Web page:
SHANGHAI (Reuters) --China cut its benchmark lending rate as expected on Monday to reduce borrowing costs for companies and prop up the coronavirus-hit economy, after it contracted for the first time in decades.
The one-year loan prime rate (LPR) was lowered by 20 basis points (bps) to 3.85% from 4.05% previously, while the five-year LPR was cut by 10 bps to 4.65% from 4.75%.
The move was the second cut to the lending benchmark rate this year, and the latest reduction in one of China's key lending rates. Most new and outstanding loans are based on the LPR, while the five-year rate influences the pricing of mortgages.
All 52 participants in a Reuters survey had expected a reduction in the LPR at its monthly fixing. Most had forecast a 20 bps cut in the one-year rate but a more modest 5-10 bps in the five-year as Beijing tries to keep a lid on property prices.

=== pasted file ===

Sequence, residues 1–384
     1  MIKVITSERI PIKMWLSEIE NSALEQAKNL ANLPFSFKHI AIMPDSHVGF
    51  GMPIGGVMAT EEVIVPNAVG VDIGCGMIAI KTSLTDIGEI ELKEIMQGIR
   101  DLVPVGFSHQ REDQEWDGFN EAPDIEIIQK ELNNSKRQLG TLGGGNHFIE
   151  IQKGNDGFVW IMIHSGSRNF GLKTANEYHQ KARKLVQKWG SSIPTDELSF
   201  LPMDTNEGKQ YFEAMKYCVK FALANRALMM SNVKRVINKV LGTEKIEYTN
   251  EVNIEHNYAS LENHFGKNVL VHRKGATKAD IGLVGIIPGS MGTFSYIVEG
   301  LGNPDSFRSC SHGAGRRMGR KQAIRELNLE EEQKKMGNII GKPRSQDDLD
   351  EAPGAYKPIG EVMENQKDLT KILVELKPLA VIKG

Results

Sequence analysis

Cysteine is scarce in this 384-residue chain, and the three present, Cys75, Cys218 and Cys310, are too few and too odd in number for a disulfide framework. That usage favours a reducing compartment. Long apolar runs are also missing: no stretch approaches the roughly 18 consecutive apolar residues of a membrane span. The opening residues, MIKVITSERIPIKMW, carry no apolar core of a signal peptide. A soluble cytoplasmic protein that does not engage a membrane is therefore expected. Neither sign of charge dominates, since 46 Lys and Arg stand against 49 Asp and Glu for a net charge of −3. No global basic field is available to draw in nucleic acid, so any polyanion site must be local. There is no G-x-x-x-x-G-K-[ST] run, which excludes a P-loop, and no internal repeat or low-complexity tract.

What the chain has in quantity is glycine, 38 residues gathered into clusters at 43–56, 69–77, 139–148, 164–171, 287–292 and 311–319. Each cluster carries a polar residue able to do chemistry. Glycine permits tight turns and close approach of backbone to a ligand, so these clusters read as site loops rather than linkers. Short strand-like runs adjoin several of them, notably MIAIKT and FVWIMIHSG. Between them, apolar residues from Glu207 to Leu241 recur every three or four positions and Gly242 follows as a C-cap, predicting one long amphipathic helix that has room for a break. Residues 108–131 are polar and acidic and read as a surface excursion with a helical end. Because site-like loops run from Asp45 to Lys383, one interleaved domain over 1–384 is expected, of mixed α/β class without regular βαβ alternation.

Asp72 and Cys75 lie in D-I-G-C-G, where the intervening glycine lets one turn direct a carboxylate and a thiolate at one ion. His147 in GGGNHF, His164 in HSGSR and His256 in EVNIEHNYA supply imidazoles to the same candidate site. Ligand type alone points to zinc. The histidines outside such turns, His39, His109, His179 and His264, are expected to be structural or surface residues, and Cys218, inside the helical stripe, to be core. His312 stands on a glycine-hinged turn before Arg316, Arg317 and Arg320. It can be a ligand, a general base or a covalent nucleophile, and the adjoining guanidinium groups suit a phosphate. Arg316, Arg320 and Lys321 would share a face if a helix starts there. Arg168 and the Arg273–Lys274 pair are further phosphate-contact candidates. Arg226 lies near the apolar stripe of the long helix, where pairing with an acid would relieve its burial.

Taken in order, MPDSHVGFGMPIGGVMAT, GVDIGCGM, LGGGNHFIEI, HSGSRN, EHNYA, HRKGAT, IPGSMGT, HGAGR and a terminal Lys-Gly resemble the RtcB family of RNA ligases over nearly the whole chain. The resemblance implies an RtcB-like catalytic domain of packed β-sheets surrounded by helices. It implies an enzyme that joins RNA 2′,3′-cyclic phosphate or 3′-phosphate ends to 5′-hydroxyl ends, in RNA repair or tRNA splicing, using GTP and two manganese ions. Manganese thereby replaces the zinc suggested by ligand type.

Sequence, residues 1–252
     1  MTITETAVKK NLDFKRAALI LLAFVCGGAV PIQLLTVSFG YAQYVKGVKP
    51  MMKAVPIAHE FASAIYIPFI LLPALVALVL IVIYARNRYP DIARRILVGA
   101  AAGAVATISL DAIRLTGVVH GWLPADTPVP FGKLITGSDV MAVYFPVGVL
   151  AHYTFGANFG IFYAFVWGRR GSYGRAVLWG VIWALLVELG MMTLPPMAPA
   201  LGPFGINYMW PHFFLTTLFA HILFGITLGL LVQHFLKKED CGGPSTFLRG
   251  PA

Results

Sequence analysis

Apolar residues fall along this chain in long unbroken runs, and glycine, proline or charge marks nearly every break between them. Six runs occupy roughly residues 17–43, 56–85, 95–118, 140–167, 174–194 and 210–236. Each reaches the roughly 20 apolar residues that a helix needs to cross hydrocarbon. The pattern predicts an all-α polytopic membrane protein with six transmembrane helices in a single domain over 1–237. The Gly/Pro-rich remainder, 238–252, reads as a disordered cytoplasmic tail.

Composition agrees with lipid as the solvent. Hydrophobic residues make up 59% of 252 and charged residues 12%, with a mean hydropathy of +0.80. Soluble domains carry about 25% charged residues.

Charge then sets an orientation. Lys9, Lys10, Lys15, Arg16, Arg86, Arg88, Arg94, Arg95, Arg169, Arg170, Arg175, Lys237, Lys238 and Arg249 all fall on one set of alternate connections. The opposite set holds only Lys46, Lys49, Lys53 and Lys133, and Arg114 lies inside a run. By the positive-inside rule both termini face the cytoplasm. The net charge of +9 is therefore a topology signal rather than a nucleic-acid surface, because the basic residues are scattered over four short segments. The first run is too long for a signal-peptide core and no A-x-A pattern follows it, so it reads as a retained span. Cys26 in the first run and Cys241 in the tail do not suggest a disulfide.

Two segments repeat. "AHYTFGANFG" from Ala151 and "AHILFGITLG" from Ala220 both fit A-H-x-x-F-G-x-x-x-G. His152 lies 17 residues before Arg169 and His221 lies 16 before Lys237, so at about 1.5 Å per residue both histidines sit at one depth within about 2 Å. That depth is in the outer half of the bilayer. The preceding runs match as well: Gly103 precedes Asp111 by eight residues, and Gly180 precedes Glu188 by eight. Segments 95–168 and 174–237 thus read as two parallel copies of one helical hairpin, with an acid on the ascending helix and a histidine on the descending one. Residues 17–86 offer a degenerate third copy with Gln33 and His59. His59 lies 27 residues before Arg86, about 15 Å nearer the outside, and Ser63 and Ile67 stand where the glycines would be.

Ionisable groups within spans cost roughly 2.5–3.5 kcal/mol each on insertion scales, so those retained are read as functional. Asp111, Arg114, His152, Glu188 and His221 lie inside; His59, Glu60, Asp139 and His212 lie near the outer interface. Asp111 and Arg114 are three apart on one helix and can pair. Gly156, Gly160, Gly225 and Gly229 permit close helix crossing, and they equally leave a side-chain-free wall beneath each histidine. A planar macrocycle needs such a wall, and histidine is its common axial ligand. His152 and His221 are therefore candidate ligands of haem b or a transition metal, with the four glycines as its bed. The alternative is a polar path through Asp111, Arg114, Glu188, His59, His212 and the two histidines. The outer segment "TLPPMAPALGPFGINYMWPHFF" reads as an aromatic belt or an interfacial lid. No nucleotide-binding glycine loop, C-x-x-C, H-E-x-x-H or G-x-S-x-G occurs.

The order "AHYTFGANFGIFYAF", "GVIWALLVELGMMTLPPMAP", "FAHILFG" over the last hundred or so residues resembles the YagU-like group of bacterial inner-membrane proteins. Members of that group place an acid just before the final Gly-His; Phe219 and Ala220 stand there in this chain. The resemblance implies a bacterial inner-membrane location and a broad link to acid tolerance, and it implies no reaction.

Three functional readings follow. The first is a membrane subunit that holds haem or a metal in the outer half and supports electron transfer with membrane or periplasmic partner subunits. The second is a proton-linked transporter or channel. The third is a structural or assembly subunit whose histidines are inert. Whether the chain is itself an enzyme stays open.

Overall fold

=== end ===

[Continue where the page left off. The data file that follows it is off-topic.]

Data on Friday showed the Chinese economy shrank 6.8% in the first quarter from a year earlier as the virus and tough containment measures shut down factories and shops and put millions out of work. That was the first contraction since at least 1992, when quarterly records were first published.
While the country is restarting its economic engines, analysts say activity could take months to return to pre-crisis levels, with the likelihood of a global recession adding to the pressure.
The LPR is a lending reference rate set monthly by 18 banks. The People's Bank of China revamped the mechanism to price LPR in August 2019, loosely pegging it to the medium-term lending facility rate (MLF)